Journal: Journal of the American Medical Association
Citation: Neumann PJ, Kim DD. Cost-effectiveness Thresholds Used by Study Authors, 1990-2021. JAMA. 2023;329(15):1312–1314. doi:10.1001/jama.2023.1792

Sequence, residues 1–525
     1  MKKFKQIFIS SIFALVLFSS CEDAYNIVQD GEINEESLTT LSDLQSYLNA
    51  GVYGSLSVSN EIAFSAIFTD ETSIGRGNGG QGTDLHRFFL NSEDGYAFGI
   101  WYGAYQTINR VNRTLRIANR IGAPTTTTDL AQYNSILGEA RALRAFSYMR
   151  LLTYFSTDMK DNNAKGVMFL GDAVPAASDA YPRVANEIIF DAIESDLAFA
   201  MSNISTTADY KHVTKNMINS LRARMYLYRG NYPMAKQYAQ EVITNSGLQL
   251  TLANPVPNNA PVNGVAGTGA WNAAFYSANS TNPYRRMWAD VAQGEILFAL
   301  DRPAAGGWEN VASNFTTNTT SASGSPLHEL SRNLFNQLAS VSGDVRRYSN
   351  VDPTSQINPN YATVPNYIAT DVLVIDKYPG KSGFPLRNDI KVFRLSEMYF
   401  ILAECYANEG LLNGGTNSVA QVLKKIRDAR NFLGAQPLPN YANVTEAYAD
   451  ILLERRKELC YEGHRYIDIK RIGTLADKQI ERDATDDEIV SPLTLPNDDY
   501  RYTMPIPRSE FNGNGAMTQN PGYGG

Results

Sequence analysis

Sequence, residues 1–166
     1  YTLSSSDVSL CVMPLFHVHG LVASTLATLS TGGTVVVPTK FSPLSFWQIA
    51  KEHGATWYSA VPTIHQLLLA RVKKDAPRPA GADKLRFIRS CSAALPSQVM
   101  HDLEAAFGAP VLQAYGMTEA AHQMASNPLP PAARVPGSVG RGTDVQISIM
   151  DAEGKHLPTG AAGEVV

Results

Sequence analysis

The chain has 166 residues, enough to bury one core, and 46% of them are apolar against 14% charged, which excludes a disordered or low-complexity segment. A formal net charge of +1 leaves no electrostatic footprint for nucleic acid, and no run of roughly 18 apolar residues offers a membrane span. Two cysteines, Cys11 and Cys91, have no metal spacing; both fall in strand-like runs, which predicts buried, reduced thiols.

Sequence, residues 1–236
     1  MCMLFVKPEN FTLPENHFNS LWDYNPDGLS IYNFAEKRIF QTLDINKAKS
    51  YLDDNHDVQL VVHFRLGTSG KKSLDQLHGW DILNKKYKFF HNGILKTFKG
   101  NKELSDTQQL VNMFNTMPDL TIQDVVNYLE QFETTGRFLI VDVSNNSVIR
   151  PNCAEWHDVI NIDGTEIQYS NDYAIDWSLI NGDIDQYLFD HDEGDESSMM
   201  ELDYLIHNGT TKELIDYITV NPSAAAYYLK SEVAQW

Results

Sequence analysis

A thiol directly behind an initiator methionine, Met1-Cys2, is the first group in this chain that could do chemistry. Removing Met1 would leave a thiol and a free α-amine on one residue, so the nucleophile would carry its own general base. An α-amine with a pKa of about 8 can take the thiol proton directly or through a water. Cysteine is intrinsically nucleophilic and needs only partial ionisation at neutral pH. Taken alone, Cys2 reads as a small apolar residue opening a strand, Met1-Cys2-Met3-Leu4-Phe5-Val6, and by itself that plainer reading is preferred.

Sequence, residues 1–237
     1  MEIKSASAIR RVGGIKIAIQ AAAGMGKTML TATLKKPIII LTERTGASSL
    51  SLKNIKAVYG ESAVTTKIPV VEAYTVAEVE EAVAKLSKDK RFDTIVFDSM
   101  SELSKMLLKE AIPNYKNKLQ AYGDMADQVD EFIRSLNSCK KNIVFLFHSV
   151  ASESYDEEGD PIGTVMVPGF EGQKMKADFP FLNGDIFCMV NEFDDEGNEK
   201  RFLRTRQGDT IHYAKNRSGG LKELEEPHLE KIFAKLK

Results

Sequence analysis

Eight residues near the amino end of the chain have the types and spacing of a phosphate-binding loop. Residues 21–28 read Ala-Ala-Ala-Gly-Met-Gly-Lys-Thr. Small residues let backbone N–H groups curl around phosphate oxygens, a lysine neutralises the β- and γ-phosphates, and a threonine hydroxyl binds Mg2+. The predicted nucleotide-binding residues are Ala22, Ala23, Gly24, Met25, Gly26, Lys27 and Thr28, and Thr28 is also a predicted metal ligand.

For decades, many US authors of cost-effectiveness analyses (CEAs) referenced a common benchmark or threshold—$50 000 per quality-adjusted life-year (QALY)—to reflect how much health gains were “worth,” although this standard had little theoretical or empirical justification.1 The benchmark is important for health policy discussions because it reflects how much people are willing to pay for health gains or risk reductions or how individuals and society balance the purchase of health care against the purchases of other goods and services.